My first Book “How to Paint Christmas Windows for Fun & Profit” was soundly rejected by every publisher I sent it to. Their reasons were valid. My Book catered to a very small niche market of artists and crafters.
My backup plan was to borrow money to publish and market the book myself, so I paid a visit to my local Small Business Administration for help with a loan. They soundly rejected the loan. I made my case by demonstrating to my counciler how simple it was to take a person with NO ARTISTIC TALENT, (Him!) and turn (Him!) into an Artist simply by following my instructions.He was impressed enough to refer me to an upcoming QVC Convention where scouts would choose their next 10 products for possible inclusion on their “Christmas in July” television marketing program. By the time the convention rolled around, my book had turned into a Window Painting Kit.
Keep in mind, I still had not had the book printed or professionally packaged the kit. It was still a crude idea.
As strange things go, the unexpected happened. I was soundly rejected by QVC, but a Good Housekeeping writer happened to be there and did a spot interview with me after seeing my live demonstration. She explained, (almost appologized), there was no guarantee my story would ever reach the magazine, but guess what. It did. Something in my story motivated the editor to include me in their “How to Make a Million With Your Crazy Idea” feature story.
The article was read by a popular host of Aleen’e Creative Living. The next thing I know, I have ORDERS for a product I have not yet produced and a 2 year television contract with the biggest craft show on television. I found it is very easy to find funding with a purchase order in hand.
I ended up being the first non-Aleen’s product to ever break records on the show.
I ended up being sought after by QVC and doing 3 shows for them.
I ended up winning the Small Business of The Year Award and also the first recipient of the reward who did NOT receive a penny of financing from the SBA.
The best part about all this is I would never have gotten this far, or made as big a profit on my products if any one of the publishers had said yes.
Back then, 1999, I barely knew how to check my email…..much less market myself on the internet.
They say when a door closes, another opens. In my case it was a Window!
I think it is a shame for some writers that there is a growing need to develop your skills beyond writing in order to be a successful writer (not everyone will have the time!) However, even if you succeed ‘the old way’ and your book is published by a publisher, then as Caroline mentioned, in order to get those sales, it is a huge help if you can market yourself too.
Being social on the web can have extra benefits though, and I don’t think it always has to be in a ‘social butterfly’ kind of way. You can often connect with readers in a more profound way, and gain the kind of connection with fans that before, you could only have by traipsing all over the country (another thing which requires a lot of time).
marketing and publicity. Imagine a newspaper headline “81year old fiction writer Colt,author of ‘A Time for Living.’ stopped a young beautiful teen age girl from being raped” That’s the sort of headline that would get you noticed until you read the next line. " He restrained himself" Crude and unprofessional but still publicity. I must emphasise this is purely imaginary and I would in no way try this sort of tactic. However we need an “edge” to get ourselves noticed. An on line presence is not enough, it helps, but the readers and the purchasers of your book are, in the main, not internet motivated in that way.When writing the book ‘A Time for Living’ I considered the marketing problems and decided to introduce authentic places into the story line. A look at my site, Colt the author, will give you some idea as to the success of this strategy.It involved me writing to all the places mentioned and including small A4 posters for them to display. In this respect, some successes and some failures. I am now in the process of the “follow up” action, whereby I write to them again giving them an idea of the progress, quoting reviews etc and including more posters. It’s a constant chore and writing the second book in the series has taken a little longer because of this However I have found a new site, all-review.co.uk (on Yahoo) where you can send your book for a published review. This may help SA (Struggling authors) to get more publicity and gain more attention. Newspapers, radio stations (local) I have done all this in order to promote and sell. As we all seem to realise, there is much more to writing a book than just publishing and sitting back, waiting for fame. You have to work at it.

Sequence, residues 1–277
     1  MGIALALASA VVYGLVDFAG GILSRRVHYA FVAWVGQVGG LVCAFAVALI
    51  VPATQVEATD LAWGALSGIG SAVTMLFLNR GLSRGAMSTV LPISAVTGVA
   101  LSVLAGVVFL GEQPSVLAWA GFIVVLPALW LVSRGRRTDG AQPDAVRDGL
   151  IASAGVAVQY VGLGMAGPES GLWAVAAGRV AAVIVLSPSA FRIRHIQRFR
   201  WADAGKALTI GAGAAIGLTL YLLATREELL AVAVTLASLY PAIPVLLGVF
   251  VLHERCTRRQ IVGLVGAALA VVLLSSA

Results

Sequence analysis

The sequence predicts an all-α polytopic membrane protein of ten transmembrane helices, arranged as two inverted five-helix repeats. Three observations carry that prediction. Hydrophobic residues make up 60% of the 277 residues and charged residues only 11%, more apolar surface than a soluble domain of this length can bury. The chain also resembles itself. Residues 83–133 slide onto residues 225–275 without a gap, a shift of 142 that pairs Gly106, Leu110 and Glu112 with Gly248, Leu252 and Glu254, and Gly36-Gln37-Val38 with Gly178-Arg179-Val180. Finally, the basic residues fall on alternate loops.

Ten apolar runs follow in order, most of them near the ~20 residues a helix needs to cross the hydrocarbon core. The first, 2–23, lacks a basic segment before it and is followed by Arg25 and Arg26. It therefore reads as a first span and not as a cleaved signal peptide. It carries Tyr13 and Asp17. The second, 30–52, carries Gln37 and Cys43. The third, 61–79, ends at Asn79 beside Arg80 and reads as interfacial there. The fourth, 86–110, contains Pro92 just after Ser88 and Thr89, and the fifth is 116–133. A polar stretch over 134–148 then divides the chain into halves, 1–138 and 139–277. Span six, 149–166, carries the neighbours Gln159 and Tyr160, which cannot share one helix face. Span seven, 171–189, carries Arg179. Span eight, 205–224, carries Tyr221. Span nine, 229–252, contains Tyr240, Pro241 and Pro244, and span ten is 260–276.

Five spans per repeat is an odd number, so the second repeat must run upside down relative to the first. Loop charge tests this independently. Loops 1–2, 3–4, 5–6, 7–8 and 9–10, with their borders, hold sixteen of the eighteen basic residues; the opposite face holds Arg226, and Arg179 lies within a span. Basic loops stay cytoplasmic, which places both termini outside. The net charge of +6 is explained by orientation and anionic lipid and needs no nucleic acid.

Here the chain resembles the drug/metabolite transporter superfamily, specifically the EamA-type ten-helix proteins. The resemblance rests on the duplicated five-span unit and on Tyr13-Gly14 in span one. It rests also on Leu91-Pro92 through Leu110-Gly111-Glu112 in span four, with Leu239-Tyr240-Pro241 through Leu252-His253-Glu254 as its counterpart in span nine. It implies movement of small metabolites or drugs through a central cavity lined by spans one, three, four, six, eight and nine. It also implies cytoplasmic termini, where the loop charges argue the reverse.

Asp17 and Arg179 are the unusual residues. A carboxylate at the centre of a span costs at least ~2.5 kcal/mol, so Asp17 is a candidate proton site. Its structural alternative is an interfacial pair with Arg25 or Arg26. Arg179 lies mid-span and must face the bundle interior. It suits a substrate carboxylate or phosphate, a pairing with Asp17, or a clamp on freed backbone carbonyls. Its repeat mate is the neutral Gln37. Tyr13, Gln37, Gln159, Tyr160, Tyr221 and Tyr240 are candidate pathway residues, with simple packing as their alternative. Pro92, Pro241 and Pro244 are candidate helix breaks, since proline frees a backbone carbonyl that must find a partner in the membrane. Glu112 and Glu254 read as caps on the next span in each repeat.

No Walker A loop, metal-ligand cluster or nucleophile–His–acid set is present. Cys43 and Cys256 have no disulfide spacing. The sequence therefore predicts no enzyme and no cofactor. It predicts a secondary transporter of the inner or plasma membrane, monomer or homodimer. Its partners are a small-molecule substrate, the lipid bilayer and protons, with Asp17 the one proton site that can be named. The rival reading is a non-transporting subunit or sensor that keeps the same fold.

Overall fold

You are so right – my view is to write as if 1 million people are going to read it – and when you start getting reviews, to treasure each and everyone of them (even the not so good) and thank as many people as you humanly can
Thanks for your comment Tom, For my next book ‘A Time for Crying’ I spend more time these days promoting rather than writing. Exposure, exposure, exposure is what you need to get your book noticed, ninety percent of my advertising is wasted and I don’t know which is the effective ten per cent . My site ‘Colt the author’ has had over 857 views in the last two months but how many sales have resulted from those views??? I won’t know for some time, you just have to keep going.
A Time for Living
A Time for Crying
A Time for Dying
New to this and just published my book. Loved Caroline’s article because as many of us now know, the road is a hard one, a real slog. Not only writing the book, but then publishing it. Then when the ideas are in my head for my next novel I find I have to enter the marketing arena. Horror – but now in the post-Christmas lull need to get going. Thanks Caroline, it’s so easy to feel it’s all a waste of time and get isolated in a bubble of self-pity. You’ve helped!
That’s a great tip about the review website, Colin. Thanks very much! Being very, very new at this game I need all the help I can get and I’ll certainly make this my starting point.